So yes, you can transfer. I think I would estimate a 20% initial transfer, you can have on LinkedIn. - [Ernie] Wow. - If you have a good audience, I would say 20%.

- And how important is it to like... The expectation, I guess, if you're setting it on LinkedIn, and then trying to move it to another platform, the consistency and that experience and their expectations for you. - What do you mean? - I mean, like managing expectations is a huge part of just general experience for people. So how important is it to be consistent, despite the fact that the platform has changed, like with the acronym, the things that you're doing on LinkedIn, but if you send them to an email list and you don't kind of have the same persona.

- So my perception of consistent is not just consistent content, I think you're just a consistent human being. So I would think more about your reputation and maintaining consistent reputation. So I would do that work. That matters more, because that'll last across all your platforms.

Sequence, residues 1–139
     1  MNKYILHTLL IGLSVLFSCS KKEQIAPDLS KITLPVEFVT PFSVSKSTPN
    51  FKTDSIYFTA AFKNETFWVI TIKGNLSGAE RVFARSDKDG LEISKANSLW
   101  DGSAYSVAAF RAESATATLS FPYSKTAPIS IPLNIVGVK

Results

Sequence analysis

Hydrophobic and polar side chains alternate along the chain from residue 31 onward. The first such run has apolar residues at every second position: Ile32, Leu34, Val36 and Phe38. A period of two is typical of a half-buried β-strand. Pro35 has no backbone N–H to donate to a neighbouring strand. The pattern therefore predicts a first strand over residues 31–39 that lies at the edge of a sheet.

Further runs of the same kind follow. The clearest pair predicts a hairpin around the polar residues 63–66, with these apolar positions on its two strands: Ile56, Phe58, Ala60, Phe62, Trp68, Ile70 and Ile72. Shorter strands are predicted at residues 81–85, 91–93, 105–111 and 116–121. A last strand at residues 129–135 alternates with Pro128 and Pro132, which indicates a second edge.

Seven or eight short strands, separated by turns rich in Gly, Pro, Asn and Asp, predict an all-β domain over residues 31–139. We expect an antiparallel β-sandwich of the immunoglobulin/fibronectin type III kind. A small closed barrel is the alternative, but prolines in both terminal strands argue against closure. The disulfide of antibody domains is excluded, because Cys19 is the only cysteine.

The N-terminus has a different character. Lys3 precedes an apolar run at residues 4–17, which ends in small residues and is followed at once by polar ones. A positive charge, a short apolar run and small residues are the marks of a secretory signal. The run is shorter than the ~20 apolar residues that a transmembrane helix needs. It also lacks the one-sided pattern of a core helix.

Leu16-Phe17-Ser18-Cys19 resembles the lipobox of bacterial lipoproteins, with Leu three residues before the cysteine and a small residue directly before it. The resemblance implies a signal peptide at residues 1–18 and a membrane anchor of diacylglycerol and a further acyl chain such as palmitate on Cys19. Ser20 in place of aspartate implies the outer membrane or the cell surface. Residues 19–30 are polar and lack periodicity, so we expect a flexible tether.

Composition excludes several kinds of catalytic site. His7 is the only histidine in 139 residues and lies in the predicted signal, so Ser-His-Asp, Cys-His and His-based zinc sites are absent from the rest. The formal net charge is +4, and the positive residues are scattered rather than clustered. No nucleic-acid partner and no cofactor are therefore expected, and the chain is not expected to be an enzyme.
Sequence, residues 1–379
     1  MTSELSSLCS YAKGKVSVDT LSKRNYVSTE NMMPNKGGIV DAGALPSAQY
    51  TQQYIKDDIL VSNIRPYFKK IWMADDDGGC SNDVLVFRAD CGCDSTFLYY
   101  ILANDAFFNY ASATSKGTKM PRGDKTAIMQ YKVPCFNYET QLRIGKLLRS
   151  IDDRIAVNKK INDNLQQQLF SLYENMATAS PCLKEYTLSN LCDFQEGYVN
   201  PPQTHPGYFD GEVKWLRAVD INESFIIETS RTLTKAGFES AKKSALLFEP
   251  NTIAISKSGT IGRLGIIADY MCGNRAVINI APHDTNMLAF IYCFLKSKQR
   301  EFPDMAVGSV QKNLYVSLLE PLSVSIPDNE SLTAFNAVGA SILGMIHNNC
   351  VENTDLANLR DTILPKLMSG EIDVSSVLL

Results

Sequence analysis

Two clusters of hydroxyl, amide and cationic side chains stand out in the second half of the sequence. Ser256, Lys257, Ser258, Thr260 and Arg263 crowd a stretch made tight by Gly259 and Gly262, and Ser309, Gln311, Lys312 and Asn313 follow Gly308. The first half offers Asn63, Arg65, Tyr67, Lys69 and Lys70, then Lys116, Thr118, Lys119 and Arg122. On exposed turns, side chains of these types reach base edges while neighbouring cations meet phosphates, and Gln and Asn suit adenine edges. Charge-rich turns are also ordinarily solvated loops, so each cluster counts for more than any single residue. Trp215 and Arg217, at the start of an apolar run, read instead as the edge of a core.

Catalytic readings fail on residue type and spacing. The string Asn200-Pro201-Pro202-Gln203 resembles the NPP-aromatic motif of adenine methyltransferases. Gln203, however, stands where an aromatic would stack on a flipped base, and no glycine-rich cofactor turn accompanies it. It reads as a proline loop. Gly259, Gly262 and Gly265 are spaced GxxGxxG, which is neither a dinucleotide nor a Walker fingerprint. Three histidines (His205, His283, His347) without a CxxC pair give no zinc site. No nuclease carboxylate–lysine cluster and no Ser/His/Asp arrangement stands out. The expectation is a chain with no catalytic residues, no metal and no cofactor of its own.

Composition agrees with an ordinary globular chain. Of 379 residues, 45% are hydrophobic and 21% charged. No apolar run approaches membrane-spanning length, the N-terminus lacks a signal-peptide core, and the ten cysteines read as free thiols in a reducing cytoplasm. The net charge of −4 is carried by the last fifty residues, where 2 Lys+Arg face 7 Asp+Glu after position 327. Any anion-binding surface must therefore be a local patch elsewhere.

- Awesome, being a consistent human being, I like that a lot. If you're using LinkedIn or any social media as a brand, share an opinion, take a stand, create some sort of controlled controversy. Again, nothing huge or divisive, but something that your company feels or believes that isn't quite the status quo. Challenge the conventional wisdom, and then back it up. As we've talked about at the beginning of this show, so much of the content from brands on social media is overly cautious or diluted down to statements that everyone would agree with, and that usually means they don't get any traction or engagement.